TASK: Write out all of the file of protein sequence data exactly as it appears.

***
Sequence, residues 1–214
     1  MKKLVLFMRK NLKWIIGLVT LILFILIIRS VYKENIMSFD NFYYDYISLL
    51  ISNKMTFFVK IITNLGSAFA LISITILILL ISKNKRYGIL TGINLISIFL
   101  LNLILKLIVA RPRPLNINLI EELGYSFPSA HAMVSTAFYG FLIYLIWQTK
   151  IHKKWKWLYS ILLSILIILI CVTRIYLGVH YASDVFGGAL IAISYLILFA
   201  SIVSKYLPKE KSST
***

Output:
Sequence, residues 1–214
     1  MKKLVLFMRK NLKWIIGLVT LILFILIIRS VYKENIMSFD NFYYDYISLL
    51  ISNKMTFFVK IITNLGSAFA LISITILILL ISKNKRYGIL TGINLISIFL
   101  LNLILKLIVA RPRPLNINLI EELGYSFPSA HAMVSTAFYG FLIYLIWQTK
   151  IHKKWKWLYS ILLSILIILI CVTRIYLGVH YASDVFGGAL IAISYLILFA
   201  SIVSKYLPKE KSST